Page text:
After the 1986 reorganization of the military undertaken by the Goldwater-Nichols Act, the Joint Chiefs of Staff does not have operational command of U. S. military forces. Today, their responsibility is to ensure the personnel readiness, policy. The Joint Chiefs of Staff also act in an advisory capacity for the President of the United States. However, the Coast Guard is always a service and may operate under the Department of the Navy during wartime. The commandant of the Coast Guard is however, occasionally invited by the chairman to attend meetings of the Joint Chiefs of Staff. As the military of the United States grew in size following the American Civil War, the Army and Navy were unsupportive of each other at either the planning or operational level and were constrained by disagreements during the Spanish–American War in the Caribbean campaigns. The Joint Board acting as a committee was created to plan joint operations. Yet, the Joint Board accomplished little as its charter gave it no authority to enforce its decisions, the Joint Board also lacked the ability to originate its own opinions and was thus limited to commenting only on the problems submitted to it by the Secretaries of War and Navy. As a result, the Joint Board had little to no impact on the manner the United States conducted World War I, after World War I, in 1919 the two Secretaries agreed to reestablish and revitalize the Joint Board. The mission of the General staff was to develop plans for mobilization for the next war, the US was always designated Blue and potential enemies were assigned various other colors. This time, the Joint Boards membership would include the Chiefs of Staff, their deputies, under the Joint Board would be a staff called the Joint Planning Committee to serve the Board. Along with new membership, the Joint Board could initiate recommendations on its own initiative, however, the Joint Board still did not possess the legal authority to enforce its decisions. President of the United States Franklin D. Roosevelt and Prime Minister of the United Kingdom Winston Churchill established the Combined Chiefs of Staff during the 1942 Arcadia Conference, the CCS would serve as the supreme military body for strategic direction of the combined US-British Empire war effort. The UK portion of the CCS would be composed of the British Chiefs of Staff Committee, the Joint Board had little influence during the war and was ultimately disbanded in 1947. Modeled on the British Chiefs of Staff Committee, the JCS first formal meeting was held on 9 February 1942, to coordinate U. S. military operations between War and Navy Departments. On 20 July 1942, Admiral Leahy became the Chief of Staff to the Commander in Chief of the Army and Navy, with the chiefs of staff of the services serving under his leadership. The first members of the Joint Chiefs of Staff were, As the table indicates, by the end of the war, however, each had been promoted, Leahy and King to Fleet Admiral, Marshall and Arnold to General of the Army. Arnold was later appointed to the grade of General of the Air Force, one of the Joint Chiefs of Staffs committees was the Joint Strategic Survey Committee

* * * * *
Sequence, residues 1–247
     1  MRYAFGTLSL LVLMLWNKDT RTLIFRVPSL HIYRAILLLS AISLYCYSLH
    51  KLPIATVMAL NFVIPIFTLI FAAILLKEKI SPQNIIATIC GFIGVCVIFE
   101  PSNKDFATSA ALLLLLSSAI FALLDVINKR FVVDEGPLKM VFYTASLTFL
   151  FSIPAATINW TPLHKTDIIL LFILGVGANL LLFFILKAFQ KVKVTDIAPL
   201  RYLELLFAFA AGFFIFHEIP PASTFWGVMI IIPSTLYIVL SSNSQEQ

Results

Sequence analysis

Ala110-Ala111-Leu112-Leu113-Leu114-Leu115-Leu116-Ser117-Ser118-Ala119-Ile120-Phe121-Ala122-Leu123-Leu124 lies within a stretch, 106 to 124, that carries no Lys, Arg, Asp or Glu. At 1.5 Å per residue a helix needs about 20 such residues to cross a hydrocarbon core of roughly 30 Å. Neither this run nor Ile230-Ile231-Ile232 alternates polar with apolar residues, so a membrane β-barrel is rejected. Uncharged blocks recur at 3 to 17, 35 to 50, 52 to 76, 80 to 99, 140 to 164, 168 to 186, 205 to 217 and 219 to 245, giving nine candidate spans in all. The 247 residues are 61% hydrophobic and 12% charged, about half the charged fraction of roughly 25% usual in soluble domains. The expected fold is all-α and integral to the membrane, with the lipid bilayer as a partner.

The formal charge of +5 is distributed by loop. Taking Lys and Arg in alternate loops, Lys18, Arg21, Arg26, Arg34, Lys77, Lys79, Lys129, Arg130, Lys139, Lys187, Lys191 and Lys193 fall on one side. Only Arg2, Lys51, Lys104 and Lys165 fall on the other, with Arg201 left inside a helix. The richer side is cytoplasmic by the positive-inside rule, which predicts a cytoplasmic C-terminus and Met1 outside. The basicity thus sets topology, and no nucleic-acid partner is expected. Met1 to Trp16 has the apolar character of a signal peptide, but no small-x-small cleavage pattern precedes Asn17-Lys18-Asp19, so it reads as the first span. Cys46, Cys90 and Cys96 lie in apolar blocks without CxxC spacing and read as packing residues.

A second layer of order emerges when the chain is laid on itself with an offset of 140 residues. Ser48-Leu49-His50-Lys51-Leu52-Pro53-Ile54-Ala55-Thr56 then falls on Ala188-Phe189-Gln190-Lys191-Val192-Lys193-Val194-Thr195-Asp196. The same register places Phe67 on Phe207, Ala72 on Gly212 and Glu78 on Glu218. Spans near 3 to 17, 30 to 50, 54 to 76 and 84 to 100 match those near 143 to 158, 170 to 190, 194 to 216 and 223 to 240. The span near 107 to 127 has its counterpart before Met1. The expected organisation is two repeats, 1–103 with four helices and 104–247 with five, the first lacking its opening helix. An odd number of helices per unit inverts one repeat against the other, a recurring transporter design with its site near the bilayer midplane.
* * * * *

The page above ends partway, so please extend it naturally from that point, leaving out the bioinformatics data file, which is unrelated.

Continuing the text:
The Joint Chiefs of Staff at the Pentagon in December 2001.
Joint Chiefs of Staff meeting (circa 1943). From left to right are: Gen. Henry H. Arnold, Chief of the Army Air Forces; Adm. William D. Leahy, Chief of Staff to the Commander in Chief of the Army and Navy; Adm. Ernest J. King, Commander in Chief, U.S. Fleet and Chief of Naval Operations; and Gen. George C. Marshall, Chief of Staff of the United States Army.
The Joint Chiefs of Staff and several Commanders in Chief gathered at the Pentagon on 1 July 1983.
The Joint Staff Organization Chart as of January 2012.